• In her earlier career as mayor of Wasilla, Alaska, Palin hired a lobbyist to help the tiny town secure at least 14 earmarks, worth $27 million between 2000-2003. McCain has touted Palin as a force in his long battle against earmarks.
  • Under her leadership this year, Alaska asked for almost $300 per person in requests for pet projects from Stevens, one of McCain's top adversaries. That's more than any other state received, per person, from Congress.
  • Her husband, Todd, twice registered as a member of the Alaskan Independence Party, a fierce states' rights group that wants to turn all federal lands in Alaska back to the state. Sarah Palin herself never registered as a member of the party, according to state officials, though party members said she attended a 1994 convention with her husband.
  • The head of the firm hired to defend Gov. Palin in a state ethics investigation was previously her family's lawyer and is permitted to bill the state up to $95,000 for work in the current case. It involves the dismissal of public safety commissioner Walt Monegan after he refused to fire a state trooper who had divorced the governor's sister. In a legal filing on Tuesday, Palin said she wants Alaska's personnel board to review the allegations surrounding her firing of the commissioner.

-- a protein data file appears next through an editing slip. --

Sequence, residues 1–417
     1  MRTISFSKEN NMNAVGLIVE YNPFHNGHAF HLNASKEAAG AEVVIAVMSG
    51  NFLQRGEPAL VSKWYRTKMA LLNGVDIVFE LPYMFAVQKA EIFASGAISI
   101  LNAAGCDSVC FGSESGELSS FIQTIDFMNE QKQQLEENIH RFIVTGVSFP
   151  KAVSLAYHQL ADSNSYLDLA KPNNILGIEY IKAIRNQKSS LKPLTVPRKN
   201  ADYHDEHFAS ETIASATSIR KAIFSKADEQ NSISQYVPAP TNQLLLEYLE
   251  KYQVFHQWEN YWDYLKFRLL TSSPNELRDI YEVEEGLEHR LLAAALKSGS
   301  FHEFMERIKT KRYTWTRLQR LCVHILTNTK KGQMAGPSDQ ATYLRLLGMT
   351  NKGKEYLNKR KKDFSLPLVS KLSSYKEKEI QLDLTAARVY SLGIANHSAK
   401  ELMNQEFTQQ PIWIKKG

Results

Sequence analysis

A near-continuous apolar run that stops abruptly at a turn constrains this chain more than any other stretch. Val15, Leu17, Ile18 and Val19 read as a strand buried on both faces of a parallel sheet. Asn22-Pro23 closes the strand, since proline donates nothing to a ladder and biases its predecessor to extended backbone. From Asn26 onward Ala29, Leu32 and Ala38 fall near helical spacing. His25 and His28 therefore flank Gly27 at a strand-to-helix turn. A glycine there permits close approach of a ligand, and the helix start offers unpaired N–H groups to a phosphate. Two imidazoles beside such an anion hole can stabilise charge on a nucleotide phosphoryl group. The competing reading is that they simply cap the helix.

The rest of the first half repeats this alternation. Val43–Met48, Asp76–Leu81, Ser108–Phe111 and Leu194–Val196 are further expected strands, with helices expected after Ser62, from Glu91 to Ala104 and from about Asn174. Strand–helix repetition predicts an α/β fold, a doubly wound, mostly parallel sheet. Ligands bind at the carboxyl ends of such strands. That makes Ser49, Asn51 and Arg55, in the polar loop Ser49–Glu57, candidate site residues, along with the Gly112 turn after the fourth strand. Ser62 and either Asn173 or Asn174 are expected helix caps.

• Palin opposed the US government's listing of a variety of animals as endangered, including the polar bear and the beluga whale, both of which inhabit areas also rich in oil and natural gas.
  • Palin previously acknowledged she smoked marijuana but said in a 2006 interview she no longer used the drug. "I can't claim a Bill Clinton and say that I never inhaled," she said. In the fundraising corruption probe, VECO founder Allen is cooperating in an FBI investigation that has already sent several state political figures to prison. He is expected to be the Justice Department's star witness at Stevens' trial later this month when he testifies about home renovations and other gifts he provided the longtime senator - gifts Stevens is charged with concealing on Senate documents. Palin received $500, the maximum amount allowed by law, from Allen and VECO vice president Rick Smith. Several other VECO managers, including Pete Leathard, who came up with the idea for the special bonus program, also donated the maximum. Allen's son, a VECO employee, also donated $500. All the checks were donated the same day, except for Leathard's, which was dated two days after the rest. John Cramer, one of Palin's treasurers for her 2002 campaign, said he doesn't remember any indications that the money came from a special company program. The donations aren't evidence of corruption and Palin is not among the lawmakers under investigation in the VECO case. But they undermine arguments that Palin has broken from Alaska's Republican machine, including Stevens.